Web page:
Sandhills. Winds will lessen some overnight, however, strong
breezes will persist. Cold air has not quite worked it`s way into
western and north central NEB, thus today will see highs near to
slightly above normal.

.LONG TERM...(Tuesday through Sunday)
Issued at 349 AM CST Mon Nov 28 2016

Tuesday through Wednesday Night: In the mid range, snowfall
chances and snow accumulations are the main forecast concern.
Upper level low pressure and an associated surface low will
meander and drift slowly south across eastern South Dakota and
western Minnesota on Tuesday into Wednesday night. Temperatures on
Tuesday will be cold as a cold front will continue to push south
of the area into Kansas. Highs will generally be in the 30s and
will struggle to reach the freezing mark over northern Nebraska.
In addition to much colder temperatures, there will be an
increased threat for snow Tuesday, especially over northern
Nebraska. This is in response to a mid level disturbance, rotating
around the western and southwestern periphery of the low over
eastern South Dakota. Favorable lift in association with this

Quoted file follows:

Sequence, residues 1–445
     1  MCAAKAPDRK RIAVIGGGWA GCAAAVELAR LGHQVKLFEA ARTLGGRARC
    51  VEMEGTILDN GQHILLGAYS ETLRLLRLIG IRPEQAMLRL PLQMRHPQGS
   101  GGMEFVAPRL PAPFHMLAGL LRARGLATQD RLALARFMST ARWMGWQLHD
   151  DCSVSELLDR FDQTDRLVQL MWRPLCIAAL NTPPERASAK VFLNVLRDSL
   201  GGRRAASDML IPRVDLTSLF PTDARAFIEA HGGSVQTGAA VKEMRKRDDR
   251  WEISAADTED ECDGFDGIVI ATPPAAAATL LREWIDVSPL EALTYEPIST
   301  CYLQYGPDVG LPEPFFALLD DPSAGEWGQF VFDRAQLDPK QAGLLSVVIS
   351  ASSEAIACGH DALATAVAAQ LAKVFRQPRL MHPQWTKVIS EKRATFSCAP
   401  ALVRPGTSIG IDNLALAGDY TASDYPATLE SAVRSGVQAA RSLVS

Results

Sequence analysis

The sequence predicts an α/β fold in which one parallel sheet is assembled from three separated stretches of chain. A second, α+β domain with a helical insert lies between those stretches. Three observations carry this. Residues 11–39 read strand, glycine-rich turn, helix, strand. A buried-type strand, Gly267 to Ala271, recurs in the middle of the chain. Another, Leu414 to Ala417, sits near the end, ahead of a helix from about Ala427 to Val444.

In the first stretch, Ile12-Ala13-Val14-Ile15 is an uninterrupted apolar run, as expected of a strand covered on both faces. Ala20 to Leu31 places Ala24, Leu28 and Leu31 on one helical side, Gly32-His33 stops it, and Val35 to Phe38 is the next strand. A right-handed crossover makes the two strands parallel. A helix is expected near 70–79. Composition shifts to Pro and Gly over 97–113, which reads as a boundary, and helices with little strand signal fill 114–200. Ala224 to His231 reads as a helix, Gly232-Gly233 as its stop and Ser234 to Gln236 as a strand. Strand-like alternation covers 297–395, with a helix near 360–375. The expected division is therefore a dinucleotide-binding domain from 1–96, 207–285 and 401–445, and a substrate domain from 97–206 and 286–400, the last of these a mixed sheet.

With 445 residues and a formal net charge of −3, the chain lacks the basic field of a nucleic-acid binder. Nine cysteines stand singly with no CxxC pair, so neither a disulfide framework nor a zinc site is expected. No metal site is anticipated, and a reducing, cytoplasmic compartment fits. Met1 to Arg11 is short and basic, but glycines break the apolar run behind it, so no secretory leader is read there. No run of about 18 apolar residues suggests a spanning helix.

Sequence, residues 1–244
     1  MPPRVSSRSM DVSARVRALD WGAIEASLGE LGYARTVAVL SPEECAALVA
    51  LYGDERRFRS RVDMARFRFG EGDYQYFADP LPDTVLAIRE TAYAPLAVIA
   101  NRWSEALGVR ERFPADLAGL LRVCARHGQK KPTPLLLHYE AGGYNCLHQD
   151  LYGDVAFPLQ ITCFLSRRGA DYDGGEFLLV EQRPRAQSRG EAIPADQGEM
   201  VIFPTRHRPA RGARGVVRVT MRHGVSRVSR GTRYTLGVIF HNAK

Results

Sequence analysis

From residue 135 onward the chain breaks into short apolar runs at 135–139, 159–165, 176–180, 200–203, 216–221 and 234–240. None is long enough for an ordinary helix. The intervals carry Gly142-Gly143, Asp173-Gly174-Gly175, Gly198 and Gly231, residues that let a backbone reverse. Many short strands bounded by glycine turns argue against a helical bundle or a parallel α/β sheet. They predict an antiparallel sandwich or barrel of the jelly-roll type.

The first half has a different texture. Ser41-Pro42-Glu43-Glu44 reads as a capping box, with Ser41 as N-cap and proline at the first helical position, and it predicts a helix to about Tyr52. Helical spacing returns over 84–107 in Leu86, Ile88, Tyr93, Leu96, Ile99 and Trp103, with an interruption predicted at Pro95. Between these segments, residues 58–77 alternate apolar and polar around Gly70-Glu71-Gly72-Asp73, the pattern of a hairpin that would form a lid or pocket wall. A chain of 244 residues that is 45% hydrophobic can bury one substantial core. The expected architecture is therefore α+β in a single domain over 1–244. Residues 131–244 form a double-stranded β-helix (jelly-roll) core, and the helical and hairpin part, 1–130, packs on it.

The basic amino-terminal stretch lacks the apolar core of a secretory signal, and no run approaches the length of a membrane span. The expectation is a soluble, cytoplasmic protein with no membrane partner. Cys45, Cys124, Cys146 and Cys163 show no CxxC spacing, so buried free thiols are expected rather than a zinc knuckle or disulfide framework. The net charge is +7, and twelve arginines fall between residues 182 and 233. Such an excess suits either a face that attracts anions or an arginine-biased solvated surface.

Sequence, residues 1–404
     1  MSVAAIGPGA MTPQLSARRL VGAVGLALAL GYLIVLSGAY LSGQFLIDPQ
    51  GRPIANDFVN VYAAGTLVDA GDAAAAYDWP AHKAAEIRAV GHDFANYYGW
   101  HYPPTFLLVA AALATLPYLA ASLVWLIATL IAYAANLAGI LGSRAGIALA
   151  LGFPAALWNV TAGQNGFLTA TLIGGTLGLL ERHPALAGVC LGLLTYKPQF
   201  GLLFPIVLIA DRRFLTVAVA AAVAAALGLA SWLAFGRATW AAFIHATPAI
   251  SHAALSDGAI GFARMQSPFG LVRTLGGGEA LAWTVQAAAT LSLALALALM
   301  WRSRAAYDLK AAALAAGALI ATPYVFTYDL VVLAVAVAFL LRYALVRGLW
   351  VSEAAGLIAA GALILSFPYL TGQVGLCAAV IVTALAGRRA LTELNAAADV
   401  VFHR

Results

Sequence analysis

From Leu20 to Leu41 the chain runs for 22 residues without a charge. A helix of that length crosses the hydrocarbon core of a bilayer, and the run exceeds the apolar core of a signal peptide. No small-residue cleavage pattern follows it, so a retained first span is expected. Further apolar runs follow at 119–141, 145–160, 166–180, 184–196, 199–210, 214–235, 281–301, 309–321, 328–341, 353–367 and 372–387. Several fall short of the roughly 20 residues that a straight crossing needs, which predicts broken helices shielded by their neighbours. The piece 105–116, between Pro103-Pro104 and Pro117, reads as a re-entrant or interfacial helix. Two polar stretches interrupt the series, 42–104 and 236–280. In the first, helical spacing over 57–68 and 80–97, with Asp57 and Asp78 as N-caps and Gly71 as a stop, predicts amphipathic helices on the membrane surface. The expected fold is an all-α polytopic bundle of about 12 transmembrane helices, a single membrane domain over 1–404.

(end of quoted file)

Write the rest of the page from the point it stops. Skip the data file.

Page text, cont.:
feature, will increase over far northern Nebraska Tuesday into
Tuesday night. This lift will lead to an increased threat for
light snow during the Tuesday into Tuesday night time frame.
Snowfall will be light however, as the upper level low will be
well occluded, vertically stacked, with a very limited moisture
fetch originating east of the low. At the moment, the greatest
threat for accumulating snow will be over the far northwestern
forecast area, where it will be locally enhanced over the Pine
Ridge given the northwesterly winds. In these areas, based on the
latest blend of model QPF, and incorporating a 13:1 snow to water
ratio, yields snow accumulations from Tuesday morning into
Wednesday morning of 1 to 4 inches along and north of highway 20
in Cherry and Sheridan counties. In addition to snow, a decent
surface pressure gradient will reside from western South Dakota
into western Nebraska. Gusty northerly winds will combine with the
snow, producing an increased blowing snow threat, especially on
Tuesday in the northwestern CWA. After conversing with UNR, it was
decided to issue a winter weather advisory for Sheridan and
western Cherry county-focusing on areas along and north of highway
20 where local enhancement along the Pine Ridge will be the
strongest. The threat for snow will continue into Wednesday
morning as one final vort max on the western side of the low
impacts northern Nebraska before the main system pushes east
Wednesday night.

Thursday through Sunday: The upper level low will push into the